Please call your lawyer. Part II.

It’s official.

The phrase, “I’m calling my lawyer!” and its many consumer-screamed derivatives including “My husband/wife/uncle/cousin is an attorney,” have jumped the shark.

Listen to this recent mis-use of the lawyer scare card:

At a show in NYC, a woman had to be escorted out of the theater in handcuffs after refusing to put away her guinea pig (?) and for spewing hate speech.  The show that she was (not) seeing inevitably started late.  Here’s a quote from the show report . . .

Most of the audience members were very patient and understanding with the exception of one man who threatened to sue us because we were starting the show late.

Remember when this sort of phrase used to get you all sweaty?  You didn’t want the big bad lawyers to come huffin’ and puffin’ and trying to blow your house down.

I’d bet some of you have even used this once or twice when you were dealing with a company that wasn’t giving you what you wanted (come on, admit it).

All customer service reps, including theater owners, managers, box office staff, etc are going to hear this at one point or another.  And for me, when someone says, “I’m going to contact my lawyer unless . . . “, that’s the equivalent of them using the “F” word.

When someone swears at me or a member of my staff, they’ve just given us the right to shut down and stop helping them.

And when someone uses the “L” word, they have also drawn a line in the sand.  That’s when I say, “Please do contact your lawyer.  In fact, here is the name/address/phone/email/fax/skype of my law firm who I have on retainer, and they would be happy to speak to yours at any time.  Thank you for taking this uncomfortable situation out of our hands and putting it into the hands of professionals.”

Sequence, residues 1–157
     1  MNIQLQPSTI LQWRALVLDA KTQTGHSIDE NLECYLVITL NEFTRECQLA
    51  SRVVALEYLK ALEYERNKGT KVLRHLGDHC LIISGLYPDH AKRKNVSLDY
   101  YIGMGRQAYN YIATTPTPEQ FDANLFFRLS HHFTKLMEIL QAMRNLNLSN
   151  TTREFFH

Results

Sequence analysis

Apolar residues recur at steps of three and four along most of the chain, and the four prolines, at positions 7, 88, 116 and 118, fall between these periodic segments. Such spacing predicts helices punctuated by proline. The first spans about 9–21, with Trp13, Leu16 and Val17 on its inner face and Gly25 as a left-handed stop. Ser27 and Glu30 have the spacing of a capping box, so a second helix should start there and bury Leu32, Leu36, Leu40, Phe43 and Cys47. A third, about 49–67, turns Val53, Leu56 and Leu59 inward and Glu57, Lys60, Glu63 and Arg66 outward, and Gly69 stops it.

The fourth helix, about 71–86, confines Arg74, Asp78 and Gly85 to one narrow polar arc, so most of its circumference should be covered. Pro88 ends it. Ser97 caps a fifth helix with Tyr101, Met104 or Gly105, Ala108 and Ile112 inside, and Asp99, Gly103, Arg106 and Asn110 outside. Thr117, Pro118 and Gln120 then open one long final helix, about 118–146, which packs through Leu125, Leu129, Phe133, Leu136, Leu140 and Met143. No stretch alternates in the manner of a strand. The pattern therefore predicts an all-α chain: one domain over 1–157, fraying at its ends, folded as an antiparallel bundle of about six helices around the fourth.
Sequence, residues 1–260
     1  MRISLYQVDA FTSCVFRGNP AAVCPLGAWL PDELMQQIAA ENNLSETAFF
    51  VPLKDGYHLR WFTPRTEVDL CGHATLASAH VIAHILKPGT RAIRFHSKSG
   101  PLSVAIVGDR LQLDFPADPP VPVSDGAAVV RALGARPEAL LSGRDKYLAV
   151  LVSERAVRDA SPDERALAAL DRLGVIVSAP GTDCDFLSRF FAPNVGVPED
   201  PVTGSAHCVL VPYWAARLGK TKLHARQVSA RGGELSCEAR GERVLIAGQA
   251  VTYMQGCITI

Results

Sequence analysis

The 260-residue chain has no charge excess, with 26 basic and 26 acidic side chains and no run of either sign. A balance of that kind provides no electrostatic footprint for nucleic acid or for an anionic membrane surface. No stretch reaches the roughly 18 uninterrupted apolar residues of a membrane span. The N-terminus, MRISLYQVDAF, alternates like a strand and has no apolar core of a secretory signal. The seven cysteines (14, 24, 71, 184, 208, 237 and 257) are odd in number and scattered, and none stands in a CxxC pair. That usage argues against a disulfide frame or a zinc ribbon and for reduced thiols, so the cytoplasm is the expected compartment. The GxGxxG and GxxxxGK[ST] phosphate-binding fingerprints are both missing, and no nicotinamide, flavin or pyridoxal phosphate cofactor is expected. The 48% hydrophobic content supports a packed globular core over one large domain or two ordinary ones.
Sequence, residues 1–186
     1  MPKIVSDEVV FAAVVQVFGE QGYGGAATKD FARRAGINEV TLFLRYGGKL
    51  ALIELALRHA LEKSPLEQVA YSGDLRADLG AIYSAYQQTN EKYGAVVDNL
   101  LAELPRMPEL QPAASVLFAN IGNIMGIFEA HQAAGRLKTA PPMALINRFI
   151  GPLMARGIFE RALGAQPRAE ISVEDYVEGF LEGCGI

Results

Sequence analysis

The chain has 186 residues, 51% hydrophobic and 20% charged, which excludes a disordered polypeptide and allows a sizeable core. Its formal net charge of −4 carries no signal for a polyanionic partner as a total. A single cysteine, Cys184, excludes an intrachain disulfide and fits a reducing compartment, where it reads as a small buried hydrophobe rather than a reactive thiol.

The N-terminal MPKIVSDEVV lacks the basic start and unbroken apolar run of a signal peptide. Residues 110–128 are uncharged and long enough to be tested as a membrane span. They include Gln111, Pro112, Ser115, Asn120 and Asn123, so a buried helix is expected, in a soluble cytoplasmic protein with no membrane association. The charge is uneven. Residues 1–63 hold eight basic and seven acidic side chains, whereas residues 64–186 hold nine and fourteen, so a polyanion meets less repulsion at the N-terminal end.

That usually elicits a blank stare.  And some back tracking.

Odds are that the consumer is never going to do anything.  They were just looking to scare you.  But you’re smarter than that.

And frankly, this is the safest thing to do from a legal perspective as well.  If the customer IS looking to pursue legal action, then you want to be very careful about anything you say and you want to take a hint from Miranda and shut up.

However, if they do want to contact your lawyer and you’re a show, you’ve probably got one on retainer getting a weekly fee.  Let ’em earn it.

At some point in your career, you will probably have some sort of legal action against you, probably for a 1-800-LAWYER-ish slip-n-fall.

Don’t let it scare you.  The best and biggest companies in the world get sued all the time.  Consider it a sign of success.

Cuz we’re not afraid of big bad lawyers in wolf’s clothing anymore.

Guinea pigs?

Yes.  We are scared of them, so keep those half-rats out of the theaters, will ya?

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Ken created one of the first Broadway podcasts, recording over 250 episodes over 7 years. It features interviews with A-listers in the theater about how they “made it”, including 2 Pulitzer Prize Winners, 7 Academy Award Winners and 76 Tony Award winners. Notable guests include Pasek & Paul, Kenny Leon, Lynn Ahrens and more.